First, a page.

As a caring ambitious leader, the last thing in the world you want is for your team to be the company’s best kept secret. The combination of globalization and downsizing makes it necessary for leaders to prove the value of their teams. Attributes must be both seen and heard to be believed.
Secret Weapons Get Fired!
Typically, we divide our mental effort between working on our team and working with our team. We are left with little capacity for marketing our team. Unfortunately, being a “secret weapon” places the team in precarious proximity to the proverbial chopping block. Astute leaders secure their team’s reputation as a vital asset to the organization by incorporating a team branding campaign into their overall management strategy.
The Difference a Brand Can Make
Remember the good old days when a department’s title told you all you needed to know about the group’s function? Not so anymore. The wake of a perfect storm of economic factors has muddied the functional waters. We’ve had to roll up our sleeves and flex our cross-functional muscles. Like jugglers on a street corner unwilling to let anything drop, we grab hold of whatever comes our way. Many of us have picked up an eclectic array of responsibilities. Although this adaptability has kept crucial tasks from falling through the cracks, it’s made it difficult to keep track of who is doing what.
It’s gotten to the point that if you ask someone what they do, a typical response is, “It’s a long story. How much time you have?” If individuals struggle to explain what they do, how realistic is it to expect upper management to defend a department’s value during a budget crunch? Like the company to which it belongs, each department’s success requires a branding strategy that resonates with customers.
Members of a well-branded team are able to give a brief infomercial about what it is they do for the organization and why their role is vital. They convince others of their value and convert them into outspoken evangelists for the team.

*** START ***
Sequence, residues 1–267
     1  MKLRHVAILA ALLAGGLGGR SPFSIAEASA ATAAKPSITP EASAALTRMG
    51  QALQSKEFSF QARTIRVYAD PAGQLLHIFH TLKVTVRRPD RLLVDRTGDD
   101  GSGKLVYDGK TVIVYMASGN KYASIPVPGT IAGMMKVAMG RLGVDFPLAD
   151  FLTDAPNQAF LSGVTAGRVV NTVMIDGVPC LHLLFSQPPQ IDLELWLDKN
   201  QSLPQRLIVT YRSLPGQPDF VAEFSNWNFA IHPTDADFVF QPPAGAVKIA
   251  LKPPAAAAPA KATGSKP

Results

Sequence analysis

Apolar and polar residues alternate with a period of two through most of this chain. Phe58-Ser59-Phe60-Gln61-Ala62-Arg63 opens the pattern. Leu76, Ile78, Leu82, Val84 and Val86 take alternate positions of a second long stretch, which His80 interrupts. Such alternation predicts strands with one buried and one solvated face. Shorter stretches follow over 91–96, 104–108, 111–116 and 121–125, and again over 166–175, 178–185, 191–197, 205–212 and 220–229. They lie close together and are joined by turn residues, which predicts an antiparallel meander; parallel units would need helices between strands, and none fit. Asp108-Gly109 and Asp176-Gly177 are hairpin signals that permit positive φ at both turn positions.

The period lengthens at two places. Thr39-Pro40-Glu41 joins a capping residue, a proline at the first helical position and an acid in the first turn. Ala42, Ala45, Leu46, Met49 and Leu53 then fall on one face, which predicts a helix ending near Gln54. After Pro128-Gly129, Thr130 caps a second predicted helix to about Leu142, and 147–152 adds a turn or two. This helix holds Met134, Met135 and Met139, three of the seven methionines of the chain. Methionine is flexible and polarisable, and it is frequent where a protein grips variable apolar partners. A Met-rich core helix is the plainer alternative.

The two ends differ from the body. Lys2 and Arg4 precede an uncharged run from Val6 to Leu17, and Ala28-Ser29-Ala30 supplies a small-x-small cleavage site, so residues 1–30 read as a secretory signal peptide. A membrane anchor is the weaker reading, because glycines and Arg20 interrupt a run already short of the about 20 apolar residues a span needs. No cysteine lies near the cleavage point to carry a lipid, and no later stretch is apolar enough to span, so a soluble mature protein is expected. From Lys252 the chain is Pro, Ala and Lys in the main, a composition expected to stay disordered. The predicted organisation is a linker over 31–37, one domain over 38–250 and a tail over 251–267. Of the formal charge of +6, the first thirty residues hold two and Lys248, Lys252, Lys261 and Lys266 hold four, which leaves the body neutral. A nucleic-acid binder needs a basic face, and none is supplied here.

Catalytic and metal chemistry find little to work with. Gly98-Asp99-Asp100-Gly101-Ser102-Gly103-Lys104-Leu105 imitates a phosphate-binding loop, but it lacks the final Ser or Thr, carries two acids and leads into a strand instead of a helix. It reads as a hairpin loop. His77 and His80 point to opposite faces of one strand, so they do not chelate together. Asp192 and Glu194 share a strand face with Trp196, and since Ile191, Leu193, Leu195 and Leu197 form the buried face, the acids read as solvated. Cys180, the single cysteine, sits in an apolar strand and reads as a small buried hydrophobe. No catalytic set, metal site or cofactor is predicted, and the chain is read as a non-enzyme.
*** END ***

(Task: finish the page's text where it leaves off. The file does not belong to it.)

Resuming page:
Start With the End in Mind
Every team branding process starts with a vision that answers the question, “What is the ideal result or outcome we are trying to achieve?” Howard Haas in his book, The Leader Within, warns, “Don’t count on a vision to work miracles without followers who adopt the vision.” In order for it to come to fruition, every team member must develop a sense of ownership around the vision. Having a say and actively participating in the team branding process cultivates that buy-in.
Define the Team’s Purpose
Teams that add value are drawn together and passionate about a purpose that captures each member’s head and heart. Facilitate a process by which team members transform the vision into a practical statement of purpose.
- Link the team’s purpose to organizational goals. It shouldn’t take a GPS for the consumers of your brand, such as your internal customers or senior leaders, to find the connection between what your team does and its value to the organization. Strong brands are quickly and easily comprehended.
- Develop the team purpose with the audience in mind. Position the value of the team from your customer and/or stakeholders’ point of view. Communicate the team’s indispensability. For example: We, the Medical Records Department, improve patient care by maintaining a highly accurate, thorough database of records and providing rapid-inquiry response regarding patient information for healthcare providers throughout the hospital.